Saturday, January 24, 2015

Black or White (FILM REVIEW)



Black or White
Film Review by Kam Williams

Grandparents Square-Off over Biracial Child in Contentious Courtroom Drama 

When Elliot Anderson’s (Kevin Costner) wife Carol (Jennifer Ehle) perishes in a tragic car accident, he suddenly finds himself facing the prospect of raising his 7 year-old granddaughter Eloise (Jillian Estell) alone. After all, the couple had originally assumed custody from the moment their own daughter died giving birth to the little girl, since the baby’s drug-addicted father (Andre Holland) was behind bars and totally unfit to be a parent.
Today, however, Elliot does have a drinking problem which proceeds to escalate out of control in the wake of his spouse’s untimely demise. And this state of affairs comes to the attention of Eloise’s fraternal grandmother, Rowena “Wee-Wee” Davis (Octavia Spencer), who soon resurfaces for the first time in years.
She approaches Elliot about setting up visitation, in spite of her son’s substance abuse problems, since Eloise has a lot of other relatives on her father’s side of the family eager to see her. But the wealthy, white lawyer balks at the very suggestion, presumably because they’re black and from the ‘hood, and he’s thus far managed to shield his relatively-privileged granddaughter from the ghetto and its host of woes.
Of course, Wee-Wee doesn’t take the rebuff sitting down, but rather prevails upon her attorney brother, Jeremiah (Anthony Mackie), to file suit. Next thing you know, the parties are slinging mud at one another in an ugly custody battle where Reggie is accused of being a crack head with a criminal record and Elliot is labeled a racist and an alcoholic. Responsibility for dispensing justice blindly falls to Judge Margaret Cummings (Paula Newsome), who might very well be a bit biased in favor of plaintiff Rowena, given that she’s also African-American and female.
All roads inexorably lead to a big courtroom showdown in Black or White, a cross-cultural melodrama written and directed by Mike Binder (Reign over Me). Ostensibly “inspired by true events,” the picture pits a couple of worthy adversaries against each other in Elliot and Wee-Wee, as capably played by Oscar-winners Kevin Costner (for Dances with Wolves) and Octavia Spencer (for The Help). 
Any lawyer worth his or her salt knows that you never ask a question on cross-examination that you don’t already know the answer to. Nonetheless, Jeremiah violates that cardinal rule by asking Elliot, “Do you dislike all black people?” This affords the just-disgraced granddad an opportunity to rehabilitate his tarnished image courtesy of a scintillating, self-serving soliloquy reminiscent of Jack Nicholson’s “You can’t handle the truth!” monologue in A Few Good Men.
If only the rest of this racially-tinged baby-daddy drama had matched that climactic moment in terms of intensity. Still, the film is worth the investment for veteran Costner’s vintage performance and for the way in which the timely script dares to tackle some tough social questions in refreshingly-realistic, if perhaps politically-incorrect fashion.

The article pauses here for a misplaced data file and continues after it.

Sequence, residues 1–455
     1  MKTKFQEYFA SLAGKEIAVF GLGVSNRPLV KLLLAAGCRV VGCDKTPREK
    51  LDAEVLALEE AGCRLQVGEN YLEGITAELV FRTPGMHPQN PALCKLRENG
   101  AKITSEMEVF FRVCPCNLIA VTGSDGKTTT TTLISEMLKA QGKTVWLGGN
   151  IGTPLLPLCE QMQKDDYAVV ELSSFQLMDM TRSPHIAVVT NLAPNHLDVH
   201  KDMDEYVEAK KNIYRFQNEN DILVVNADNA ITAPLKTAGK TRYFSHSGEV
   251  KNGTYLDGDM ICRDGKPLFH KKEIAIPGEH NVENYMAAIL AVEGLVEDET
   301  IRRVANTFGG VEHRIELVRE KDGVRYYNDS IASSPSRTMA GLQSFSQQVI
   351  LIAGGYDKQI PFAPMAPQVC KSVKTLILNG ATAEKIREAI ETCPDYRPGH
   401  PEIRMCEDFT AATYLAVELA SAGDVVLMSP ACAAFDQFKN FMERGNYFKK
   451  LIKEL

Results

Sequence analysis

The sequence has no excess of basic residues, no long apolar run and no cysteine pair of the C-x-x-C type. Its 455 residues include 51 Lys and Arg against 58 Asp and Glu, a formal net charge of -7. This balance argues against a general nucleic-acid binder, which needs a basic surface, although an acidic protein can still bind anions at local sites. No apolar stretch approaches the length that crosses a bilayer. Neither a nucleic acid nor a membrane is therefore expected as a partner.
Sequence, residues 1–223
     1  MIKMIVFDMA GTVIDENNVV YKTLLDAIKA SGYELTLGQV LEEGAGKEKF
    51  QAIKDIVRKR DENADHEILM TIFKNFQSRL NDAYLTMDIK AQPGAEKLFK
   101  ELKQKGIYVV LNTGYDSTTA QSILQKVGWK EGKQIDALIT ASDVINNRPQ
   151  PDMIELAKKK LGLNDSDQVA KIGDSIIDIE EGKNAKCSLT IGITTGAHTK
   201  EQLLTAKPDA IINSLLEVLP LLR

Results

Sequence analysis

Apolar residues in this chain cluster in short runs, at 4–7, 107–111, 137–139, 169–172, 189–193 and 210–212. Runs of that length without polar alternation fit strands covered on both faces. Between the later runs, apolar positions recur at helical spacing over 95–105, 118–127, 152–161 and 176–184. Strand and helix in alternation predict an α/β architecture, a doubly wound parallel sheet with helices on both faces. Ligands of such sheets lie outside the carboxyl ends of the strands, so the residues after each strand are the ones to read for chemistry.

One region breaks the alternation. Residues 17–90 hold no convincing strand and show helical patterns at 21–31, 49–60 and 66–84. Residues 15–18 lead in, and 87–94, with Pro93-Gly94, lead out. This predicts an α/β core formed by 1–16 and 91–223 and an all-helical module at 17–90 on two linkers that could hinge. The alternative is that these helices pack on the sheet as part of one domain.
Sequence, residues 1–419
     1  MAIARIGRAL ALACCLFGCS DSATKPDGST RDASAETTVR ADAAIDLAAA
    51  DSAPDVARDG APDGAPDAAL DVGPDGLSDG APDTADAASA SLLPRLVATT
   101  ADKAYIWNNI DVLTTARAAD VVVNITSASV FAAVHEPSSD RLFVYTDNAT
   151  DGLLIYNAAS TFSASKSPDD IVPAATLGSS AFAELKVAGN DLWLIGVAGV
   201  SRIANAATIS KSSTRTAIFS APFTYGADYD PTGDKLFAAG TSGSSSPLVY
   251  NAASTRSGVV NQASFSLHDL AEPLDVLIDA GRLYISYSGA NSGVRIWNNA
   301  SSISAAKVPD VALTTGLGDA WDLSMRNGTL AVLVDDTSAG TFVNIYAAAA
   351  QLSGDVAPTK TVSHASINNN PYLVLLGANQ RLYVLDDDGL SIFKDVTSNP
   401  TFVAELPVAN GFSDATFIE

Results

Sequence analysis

Very Good (3 stars)
Rated PG-13 for profanity, fighting, ethnic slurs, and mature themes involving drugs and alcohol  
Running time: 121 minutes
Distributor: Relativity Media

To see a trailer for Black or White, visit:  https://www.youtube.com/watch?v=yqlE-7PP7Ho

Thursday, January 22, 2015

Top Ten DVD Releases for 1-27-15



This Week’s DVD Releases
by Kam Williams


Top Ten DVD List for January 27, 2015                      

Kill the Messenger

Downton Abbey: Season Five

Fury

The Judge

The Story of Women and Art

Horror 4 in 1 Collection: Hostel / Hollow Man / When a Stranger Calls / I Know What You Did Last Summer

My Old Lady

Regular Show: Mordecai Pack

Arthur’s Fountain Abbey

Paddington Bear: Collector’s Edition


Honorable Mention

Suze Orman’s Financial Solutions for You  


Abstraction


The Remaining

Finding Graceland

The Color of Time

Kill the Messenger (DVD REVIEW)


Kill the Messenger

DVD Review by Kam Williams

 True Tale Recounts How CIA First Introduced Crack to the ‘Hood 

            In August of 1996, the San Jose Mercury News published an eye-opening expose’ detailing exactly how the Central Intelligence Agency had orchestrated the importation of crack cocaine from Nicaragua as well as its distribution in the black community of South Central Los Angeles. Entitled “Dark Alliance,” the 20,000-word series was written by Gary Webb (Jeremy Renner), an investigative journalist who’d risked life and limb to release the incendiary information.
For, in the midst of conducting his research, he had been asked “Do you have a family?” by a CIA operative trying to intimidate him into killing the article. The spy agency was ostensibly determined to suppress any facts which might shed light on its covert dealings with the Contras, the rebels attempting to topple the government of Nicaragua.